Reduction in nonparenchymal cell injury and vascular endothelial dysfunction after cold preservation of the liver by gaseous oxygen
Reintroduction of oxygen to previously anoxic tissue may result in severe cell injury (oxygen paradox) and contribute to the socalled reperfusion damage of ischemic organs. Our study investigated the influence of simple gaseous oxygen supply during ischemia on nonparenchymal cell alterations upon reperfusion of the liver. Livers from male Wistar rats were isolated, rinsed blood-free and stored for 48 h at 4°C in UW-preservation solution (group 1; n = 6). Gaseous oxygen was insufflated into a second group of livers (group 2; n = 6) during the storage period via the inferior caval vein at a pressure limited to 18 mmHg. To simulate the period of slow rewarming of the organ during surgical implantation in vivo, all livers were incubated at 25°C in saline solution for 30 min prior to reperfusion. Reperfusion was carried out in vitro in a recirculating system with Krebs-Henseleit buffer. A control group was perfused immediately after harvest. The technique of aerobic storage (group 2) resulted in normal vascular perfusion characteristics without elevation of portal venous pressure (PVP) above control values, in contrast to group 1 livers which showed a significantly elevated PVP, averaging between 1.5 and 2 times the values of the control. Hepatic efflux of NO (nmol/ml) after 10 min of reperfusion was massively increased in group 1, while only low concentrations were found in group 2 and in control livers. Kupffer cell activation after ischemia was shown by a huge increase in acid phosphate release upon reperfusion compared with the control, with significantly lower values in group 2 after 10 min of reperfusion than in group 1. Thus, aerobic ischemia by gaseous oxygen persufflation seems an appropriate tool for long-term organ preservation, preventing vascular and parenchymal dysfunction upon reperfusion.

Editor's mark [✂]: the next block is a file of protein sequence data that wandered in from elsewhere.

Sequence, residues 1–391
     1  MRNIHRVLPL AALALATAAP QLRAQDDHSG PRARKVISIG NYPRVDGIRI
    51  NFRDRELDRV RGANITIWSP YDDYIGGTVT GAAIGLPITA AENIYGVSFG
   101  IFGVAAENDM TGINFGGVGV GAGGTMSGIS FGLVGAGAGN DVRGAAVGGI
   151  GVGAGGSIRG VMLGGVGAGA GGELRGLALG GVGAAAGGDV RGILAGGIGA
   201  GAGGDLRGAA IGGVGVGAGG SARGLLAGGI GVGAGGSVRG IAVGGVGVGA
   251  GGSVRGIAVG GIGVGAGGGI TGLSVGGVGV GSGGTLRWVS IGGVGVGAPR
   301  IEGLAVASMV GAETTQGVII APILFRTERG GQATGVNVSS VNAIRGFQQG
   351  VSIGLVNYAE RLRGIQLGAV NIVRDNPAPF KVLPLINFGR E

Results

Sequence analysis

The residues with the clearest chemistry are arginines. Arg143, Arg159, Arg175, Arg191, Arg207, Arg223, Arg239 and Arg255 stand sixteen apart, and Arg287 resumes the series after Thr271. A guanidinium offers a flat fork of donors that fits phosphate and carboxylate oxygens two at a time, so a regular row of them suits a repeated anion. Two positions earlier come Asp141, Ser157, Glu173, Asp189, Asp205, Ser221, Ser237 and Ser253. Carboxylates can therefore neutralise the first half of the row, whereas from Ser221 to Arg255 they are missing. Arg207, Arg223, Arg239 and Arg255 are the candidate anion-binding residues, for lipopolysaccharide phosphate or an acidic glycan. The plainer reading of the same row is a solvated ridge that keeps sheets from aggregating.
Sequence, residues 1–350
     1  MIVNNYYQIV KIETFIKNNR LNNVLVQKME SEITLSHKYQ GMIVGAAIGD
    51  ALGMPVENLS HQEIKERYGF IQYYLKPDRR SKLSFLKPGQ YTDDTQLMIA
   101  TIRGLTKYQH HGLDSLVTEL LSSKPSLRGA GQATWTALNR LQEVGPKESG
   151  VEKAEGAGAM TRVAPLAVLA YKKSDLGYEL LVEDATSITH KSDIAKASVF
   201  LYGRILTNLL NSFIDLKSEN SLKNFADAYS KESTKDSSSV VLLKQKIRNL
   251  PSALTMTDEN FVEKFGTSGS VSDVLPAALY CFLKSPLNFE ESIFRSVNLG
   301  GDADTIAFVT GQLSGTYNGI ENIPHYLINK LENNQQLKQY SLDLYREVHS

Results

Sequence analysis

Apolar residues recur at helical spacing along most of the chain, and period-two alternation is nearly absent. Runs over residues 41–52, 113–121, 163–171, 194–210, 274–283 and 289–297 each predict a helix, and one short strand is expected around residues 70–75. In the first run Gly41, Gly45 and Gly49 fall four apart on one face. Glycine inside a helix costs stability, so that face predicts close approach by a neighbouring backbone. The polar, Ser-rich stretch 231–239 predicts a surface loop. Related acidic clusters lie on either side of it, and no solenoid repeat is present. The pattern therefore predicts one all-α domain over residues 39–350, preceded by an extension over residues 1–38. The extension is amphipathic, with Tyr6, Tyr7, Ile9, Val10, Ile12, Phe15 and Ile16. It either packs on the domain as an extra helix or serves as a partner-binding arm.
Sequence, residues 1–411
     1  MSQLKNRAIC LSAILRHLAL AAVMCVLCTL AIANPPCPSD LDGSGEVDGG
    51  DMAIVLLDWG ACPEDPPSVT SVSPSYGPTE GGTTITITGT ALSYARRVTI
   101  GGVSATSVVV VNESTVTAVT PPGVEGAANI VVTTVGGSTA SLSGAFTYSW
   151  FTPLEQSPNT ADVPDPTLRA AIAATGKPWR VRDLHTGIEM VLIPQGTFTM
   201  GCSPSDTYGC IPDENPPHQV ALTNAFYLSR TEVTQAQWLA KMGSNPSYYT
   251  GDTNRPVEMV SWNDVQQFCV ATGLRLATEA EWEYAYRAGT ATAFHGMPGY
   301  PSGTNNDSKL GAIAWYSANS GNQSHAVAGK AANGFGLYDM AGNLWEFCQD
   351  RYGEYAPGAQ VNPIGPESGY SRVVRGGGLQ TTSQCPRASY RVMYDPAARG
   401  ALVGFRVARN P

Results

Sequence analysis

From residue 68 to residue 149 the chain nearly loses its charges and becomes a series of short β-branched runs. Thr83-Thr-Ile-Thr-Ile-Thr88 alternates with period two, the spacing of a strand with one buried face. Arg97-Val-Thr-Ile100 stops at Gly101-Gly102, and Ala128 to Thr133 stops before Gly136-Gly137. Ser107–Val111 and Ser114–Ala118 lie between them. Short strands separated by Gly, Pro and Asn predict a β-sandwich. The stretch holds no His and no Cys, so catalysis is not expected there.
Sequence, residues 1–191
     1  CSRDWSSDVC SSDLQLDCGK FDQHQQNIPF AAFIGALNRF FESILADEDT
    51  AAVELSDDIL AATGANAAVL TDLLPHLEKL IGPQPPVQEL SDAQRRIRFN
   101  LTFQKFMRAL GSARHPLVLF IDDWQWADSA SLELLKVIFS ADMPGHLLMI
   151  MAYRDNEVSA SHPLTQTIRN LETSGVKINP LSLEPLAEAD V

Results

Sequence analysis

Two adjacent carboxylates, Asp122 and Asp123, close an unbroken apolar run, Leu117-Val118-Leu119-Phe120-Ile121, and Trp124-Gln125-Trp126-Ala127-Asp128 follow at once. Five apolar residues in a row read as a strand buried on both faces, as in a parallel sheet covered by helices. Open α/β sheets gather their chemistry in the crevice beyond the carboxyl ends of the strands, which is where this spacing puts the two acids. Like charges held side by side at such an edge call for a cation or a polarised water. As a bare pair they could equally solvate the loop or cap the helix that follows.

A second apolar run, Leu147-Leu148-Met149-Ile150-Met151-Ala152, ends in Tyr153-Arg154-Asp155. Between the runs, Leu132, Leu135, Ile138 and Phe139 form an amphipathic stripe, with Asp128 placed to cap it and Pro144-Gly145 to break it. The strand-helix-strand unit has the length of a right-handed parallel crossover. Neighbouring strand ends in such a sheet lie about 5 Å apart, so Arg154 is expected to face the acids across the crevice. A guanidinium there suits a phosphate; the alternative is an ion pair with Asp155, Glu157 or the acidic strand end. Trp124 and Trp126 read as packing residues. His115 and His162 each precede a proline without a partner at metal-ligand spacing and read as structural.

Key wordsPersufflation Aerobic ischemia Oxygen Preservation Liver
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